Fishing Opener 2015: Walleye can be lured in by the weather

Here in the Upper Midwest, the weather affects everything, but mainly our mood. We all have that relative who wears that they can feel it in their joints when the weather is about to change. The same can be said for the Walleye and other species of fish.

There are three main weather situations that affect fishing; High Pressure, Low Pressure and Stable Pressure.


When high pressure moves in, the weather usually clears. The force that clears the skies also disturbs the fish. The increase in pressure is an event the fish can detect. Walleyes take this increase in pressure as a sign of change and usually seek deeper waters or shelter as a result. This is common with a cold front passage and even though the weather is nice, the fish take cover until a few days of stable weather has passed.


When low pressure moves in, the barometer falls. Fish sense this fall in pressure and become more active. The fish move around, come closer to the surface. They also get brave and head into the shallows and weeds.


The best chance of catching fish is when the weather is stable. A few days after a frontal passage is usually the best! The stable environment lures the fish into a false sense of security. Since there are no big changes in pressure, the fish just kind of hang out. Most varieties of fish will still in the same area for longer periods of time. So, when you find that magic fishing hole, keep reeling them in.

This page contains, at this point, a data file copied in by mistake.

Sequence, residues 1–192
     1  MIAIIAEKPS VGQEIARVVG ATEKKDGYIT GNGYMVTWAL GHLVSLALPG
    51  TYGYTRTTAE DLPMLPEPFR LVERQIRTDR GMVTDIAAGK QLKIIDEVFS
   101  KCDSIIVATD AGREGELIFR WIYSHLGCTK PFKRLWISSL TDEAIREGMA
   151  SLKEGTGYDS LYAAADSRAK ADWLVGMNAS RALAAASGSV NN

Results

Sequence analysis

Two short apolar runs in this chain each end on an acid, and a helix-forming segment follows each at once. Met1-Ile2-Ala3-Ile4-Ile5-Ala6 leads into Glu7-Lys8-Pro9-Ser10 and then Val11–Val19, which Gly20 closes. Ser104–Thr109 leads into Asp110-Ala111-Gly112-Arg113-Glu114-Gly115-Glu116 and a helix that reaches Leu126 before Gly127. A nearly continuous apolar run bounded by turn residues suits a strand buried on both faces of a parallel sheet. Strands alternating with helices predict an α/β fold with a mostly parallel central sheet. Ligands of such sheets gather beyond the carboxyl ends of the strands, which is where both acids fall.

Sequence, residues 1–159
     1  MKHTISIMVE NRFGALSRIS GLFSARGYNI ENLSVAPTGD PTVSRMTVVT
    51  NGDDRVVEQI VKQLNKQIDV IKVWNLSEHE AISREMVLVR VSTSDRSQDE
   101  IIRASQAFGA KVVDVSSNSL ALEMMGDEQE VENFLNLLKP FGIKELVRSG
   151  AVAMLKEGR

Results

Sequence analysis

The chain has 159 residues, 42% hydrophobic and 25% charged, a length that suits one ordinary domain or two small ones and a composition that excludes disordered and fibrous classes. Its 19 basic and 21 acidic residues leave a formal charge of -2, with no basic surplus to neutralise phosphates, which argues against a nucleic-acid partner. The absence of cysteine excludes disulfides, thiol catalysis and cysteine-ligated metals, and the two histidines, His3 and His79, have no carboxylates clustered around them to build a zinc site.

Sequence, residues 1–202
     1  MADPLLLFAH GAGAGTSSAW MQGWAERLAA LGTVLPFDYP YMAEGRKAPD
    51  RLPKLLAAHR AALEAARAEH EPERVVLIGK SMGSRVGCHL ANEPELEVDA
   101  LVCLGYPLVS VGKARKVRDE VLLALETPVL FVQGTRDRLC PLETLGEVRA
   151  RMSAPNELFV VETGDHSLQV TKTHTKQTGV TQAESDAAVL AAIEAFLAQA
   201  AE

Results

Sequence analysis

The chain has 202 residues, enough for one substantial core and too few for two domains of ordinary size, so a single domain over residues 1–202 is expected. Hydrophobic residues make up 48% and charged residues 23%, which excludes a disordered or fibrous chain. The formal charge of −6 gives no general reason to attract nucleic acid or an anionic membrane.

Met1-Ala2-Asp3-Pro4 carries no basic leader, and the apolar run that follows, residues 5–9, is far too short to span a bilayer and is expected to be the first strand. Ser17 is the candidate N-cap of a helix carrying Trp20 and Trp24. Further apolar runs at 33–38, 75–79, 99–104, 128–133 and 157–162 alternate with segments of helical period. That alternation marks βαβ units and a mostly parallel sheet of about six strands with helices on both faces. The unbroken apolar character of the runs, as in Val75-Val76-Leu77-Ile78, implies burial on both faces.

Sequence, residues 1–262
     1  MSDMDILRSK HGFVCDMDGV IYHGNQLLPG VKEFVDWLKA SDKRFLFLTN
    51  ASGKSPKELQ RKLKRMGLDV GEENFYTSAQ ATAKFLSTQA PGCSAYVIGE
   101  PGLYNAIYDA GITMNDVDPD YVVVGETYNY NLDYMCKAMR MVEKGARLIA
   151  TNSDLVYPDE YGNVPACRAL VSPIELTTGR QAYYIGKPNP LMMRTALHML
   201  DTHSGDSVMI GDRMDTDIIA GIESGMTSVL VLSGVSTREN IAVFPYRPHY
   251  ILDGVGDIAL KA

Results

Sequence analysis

Winds and clouds can also affect your day on the lake. Winds will stir up the surface and result in better circulations. Winds blowing in the same direction are best as it will steer the fish to downwind shoreline to feast on the collective prey. Sunlight will do the same by creating lake circulations and bringing smaller prey to the surface. It usually takes several days of steady pressure, sunshine and wind before the idea fishing situation develops.


So, when you take the weather into consideration for the May 9, 2015 MN Fishing Opener, you can determine that the fish will be heading for cover and for deeper waters. A cold front will have just passed and skies will clear, but the sudden change will not produce the best conditions for fishing. However, I have always said, "A bad day of fishing beats a good day of working".


Over the last 50 years of fishing openers in Minnesota, we have never seen a high temperature colder than 47° and we have only seen an overnight low temperature below freezing just once. I say this because I know most Minnesotans can handle anything above freezing.

The Minnesota Department of Natural Resources has composed a quite thorough list of weather for the fishing openers across the state since 1948. Check it out at this link:

Just for the record, the average high and low temperatures in the metro for the average day of the fishing opener are roughly 69°/49°. It looks like we will be slightly below those thresholds for the Walleye Fishing Opener 2016, but at least our rainy stretch will be behind us.

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